By Claudia Zapata
Academic at the Center for Latin American Cultural Studies
Faculty of Philosophy and Humanities at Universidad de Chile
Translated by Anthony Rauld
Rarely have we heard the word racism used so often as during the past two years. It is used in the context of a public debate concerning the current wave of immigration. Activists have used the term in this public debate, especially migrant activist groups, who denounce differential and vexatious treatment towards immigrants who are looking for permanent residence in the country.
The greater visibility of some migrants over others, reflected in the arbitrary use of this term, is clearly linked to the economic situation of the people involved (their need to find a job in any area, irrespective of their labor skills, which we know are varied), and also with their phenotype. Currently, the most stigmatized people are those of African descent, and in light of recent events (the construction of a “Haitian problem” that links people from the Caribbean to a perceived, even biological, danger, as well as the measures taken by the incoming government, which seek, in practice, to institutionalize discriminatory practices) it looks like we are now fully experiencing a problem called racism.
But is racism a new phenomenon? Considering a more historical perspective, perhaps the only thing that is really new is that, at last, we are daring (or we have been forced to dare) to use the word racism to refer to something that Chilean society has always understood as a serious problem, but a problem that occurs somewhere else. However, racism as a system of classification, hierarchization, and exploitation can be traced back to the very origins of Latin American nations, whose states conserved the racial practices at the social level, while legally obfuscating them behind a notion of citizenship. Throughout this history, more than one racialized subject has existed, because apart from “indios” and “negros”, a variety of uncomfortable blends has existed, and for which specific denominations were created: cholos, rotos, among others.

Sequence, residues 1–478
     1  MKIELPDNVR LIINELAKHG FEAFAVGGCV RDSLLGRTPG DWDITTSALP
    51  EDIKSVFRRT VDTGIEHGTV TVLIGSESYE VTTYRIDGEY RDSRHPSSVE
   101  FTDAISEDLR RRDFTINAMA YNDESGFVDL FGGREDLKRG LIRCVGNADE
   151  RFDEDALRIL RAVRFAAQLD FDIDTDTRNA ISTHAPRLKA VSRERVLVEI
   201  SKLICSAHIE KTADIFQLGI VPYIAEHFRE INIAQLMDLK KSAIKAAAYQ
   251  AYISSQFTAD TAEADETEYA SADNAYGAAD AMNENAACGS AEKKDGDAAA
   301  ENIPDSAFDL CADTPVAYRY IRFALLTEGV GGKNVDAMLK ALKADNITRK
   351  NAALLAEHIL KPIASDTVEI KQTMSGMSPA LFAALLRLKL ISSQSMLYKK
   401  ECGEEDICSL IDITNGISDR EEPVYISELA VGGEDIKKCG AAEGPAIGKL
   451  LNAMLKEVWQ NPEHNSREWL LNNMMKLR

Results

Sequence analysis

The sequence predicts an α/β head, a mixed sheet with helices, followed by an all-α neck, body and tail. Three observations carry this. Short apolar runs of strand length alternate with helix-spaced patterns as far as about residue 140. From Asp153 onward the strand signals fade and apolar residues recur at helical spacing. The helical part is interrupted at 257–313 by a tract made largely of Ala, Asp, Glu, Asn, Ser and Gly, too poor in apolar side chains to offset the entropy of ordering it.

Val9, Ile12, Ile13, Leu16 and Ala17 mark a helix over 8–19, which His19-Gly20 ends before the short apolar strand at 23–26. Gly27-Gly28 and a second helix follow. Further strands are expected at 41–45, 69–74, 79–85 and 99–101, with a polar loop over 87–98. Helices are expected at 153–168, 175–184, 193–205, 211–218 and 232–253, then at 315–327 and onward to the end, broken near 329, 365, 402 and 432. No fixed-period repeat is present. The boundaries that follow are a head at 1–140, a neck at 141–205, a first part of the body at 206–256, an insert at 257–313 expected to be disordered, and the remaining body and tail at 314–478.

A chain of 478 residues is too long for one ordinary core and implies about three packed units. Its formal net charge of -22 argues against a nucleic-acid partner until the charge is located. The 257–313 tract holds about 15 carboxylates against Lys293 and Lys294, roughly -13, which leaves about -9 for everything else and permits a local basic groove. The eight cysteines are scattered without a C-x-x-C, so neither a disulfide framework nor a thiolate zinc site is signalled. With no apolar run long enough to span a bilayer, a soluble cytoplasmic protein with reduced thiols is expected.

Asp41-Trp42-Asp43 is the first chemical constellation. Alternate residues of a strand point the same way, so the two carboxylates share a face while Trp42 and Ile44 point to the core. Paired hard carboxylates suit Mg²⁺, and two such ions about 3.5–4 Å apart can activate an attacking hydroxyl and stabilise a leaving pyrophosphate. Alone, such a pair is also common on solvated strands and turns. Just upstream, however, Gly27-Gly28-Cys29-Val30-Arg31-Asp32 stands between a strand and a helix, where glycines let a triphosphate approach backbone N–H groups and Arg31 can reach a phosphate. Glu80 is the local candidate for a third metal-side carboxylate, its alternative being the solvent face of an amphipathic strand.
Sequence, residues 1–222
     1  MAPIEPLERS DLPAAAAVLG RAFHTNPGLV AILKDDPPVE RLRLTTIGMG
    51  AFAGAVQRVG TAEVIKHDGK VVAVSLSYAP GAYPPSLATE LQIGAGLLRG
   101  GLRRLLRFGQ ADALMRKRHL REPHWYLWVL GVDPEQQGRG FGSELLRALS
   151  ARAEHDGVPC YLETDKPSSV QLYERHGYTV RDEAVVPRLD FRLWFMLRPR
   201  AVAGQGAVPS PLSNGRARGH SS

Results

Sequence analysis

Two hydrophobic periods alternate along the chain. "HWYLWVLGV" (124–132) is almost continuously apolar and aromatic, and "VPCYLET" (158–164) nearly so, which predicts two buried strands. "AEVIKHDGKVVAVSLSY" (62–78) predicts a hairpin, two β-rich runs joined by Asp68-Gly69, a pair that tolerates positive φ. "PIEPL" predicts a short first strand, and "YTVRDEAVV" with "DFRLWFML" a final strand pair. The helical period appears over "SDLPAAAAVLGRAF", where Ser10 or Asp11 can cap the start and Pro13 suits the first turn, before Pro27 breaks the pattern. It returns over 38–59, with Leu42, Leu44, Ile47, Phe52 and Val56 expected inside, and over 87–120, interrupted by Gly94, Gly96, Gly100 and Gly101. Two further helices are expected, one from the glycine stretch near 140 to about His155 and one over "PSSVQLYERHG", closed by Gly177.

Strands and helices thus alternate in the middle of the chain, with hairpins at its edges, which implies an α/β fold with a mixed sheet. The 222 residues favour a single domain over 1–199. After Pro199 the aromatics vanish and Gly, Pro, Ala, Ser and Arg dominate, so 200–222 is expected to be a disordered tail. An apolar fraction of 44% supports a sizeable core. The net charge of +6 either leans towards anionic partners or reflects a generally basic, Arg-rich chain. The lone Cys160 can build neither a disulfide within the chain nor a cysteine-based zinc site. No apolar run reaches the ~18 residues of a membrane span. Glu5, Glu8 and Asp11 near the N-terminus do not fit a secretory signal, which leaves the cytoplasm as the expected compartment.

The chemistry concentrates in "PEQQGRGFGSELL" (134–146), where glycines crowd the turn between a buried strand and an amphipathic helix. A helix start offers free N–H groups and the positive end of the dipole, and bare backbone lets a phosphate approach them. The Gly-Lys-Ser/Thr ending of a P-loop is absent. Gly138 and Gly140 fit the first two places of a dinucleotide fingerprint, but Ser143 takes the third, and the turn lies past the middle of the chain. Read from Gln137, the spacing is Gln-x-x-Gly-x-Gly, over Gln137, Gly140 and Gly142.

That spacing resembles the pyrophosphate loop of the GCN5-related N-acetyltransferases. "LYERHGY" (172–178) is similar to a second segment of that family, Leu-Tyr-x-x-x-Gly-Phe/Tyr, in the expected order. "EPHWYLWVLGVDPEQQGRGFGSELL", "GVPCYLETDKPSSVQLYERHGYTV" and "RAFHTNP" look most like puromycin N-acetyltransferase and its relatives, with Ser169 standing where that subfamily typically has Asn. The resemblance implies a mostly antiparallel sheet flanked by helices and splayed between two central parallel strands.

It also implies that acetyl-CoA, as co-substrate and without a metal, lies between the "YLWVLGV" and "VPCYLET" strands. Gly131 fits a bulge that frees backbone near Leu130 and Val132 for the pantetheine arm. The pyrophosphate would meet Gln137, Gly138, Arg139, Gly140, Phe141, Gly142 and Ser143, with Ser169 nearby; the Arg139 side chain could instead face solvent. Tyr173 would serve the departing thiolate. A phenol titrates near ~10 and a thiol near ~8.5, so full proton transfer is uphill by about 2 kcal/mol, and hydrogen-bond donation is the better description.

Racism is a fundamental ingredient in the hierarchical relations between communities, societies or sectors within these, which should be understood as being colonial, not only when we use the term in a chronological sense, but also when we use the concept politically. Colonialism is a form of social articulation that organizes differences and establishes relationships where some place themselves over others—in order to exploit them or to outright plunder their goods and resources. Racism becomes here an ideological device to legitimize this hierarchy, politically and socially, through: physical, cultural, and psychological inferiorization, constructing stereotypes, and divorcing communities and individuals from their history (without explaining how they got to their present historical condition; in the racist discourse, they are simply “like that” and they will continue to be so).
It is no coincidence that among indigenous intellectuals, the concepts of colonialism and racism are central for their elaboration of a critical diagnosis regarding the relationship between indigenous peoples and national states. In Chile, Mapuche intellectuals have been particularly sharp in elaborating critical perspectives like these. And this is because the racism that we recognize today in the country can be traced back to the very foundation of the state, which turned the Mapuche into a mirror image of what nobody wanted to be: savages or barbarians, according to the labels used at different times. The exaltation of the mythical indigenous peoples during Chilean Independence failed to establish a parenthesis in this wider process, which was at the root of the contempt felt towards the Mapuche people, and which fueled a military response, a great campaign, ideologically forged some decades before, and deployed as soon as the material conditions existed. Scientific racism, which reached its greatest expression towards the end of that century, covered that project of dispossession with a layer of scientific objectivity.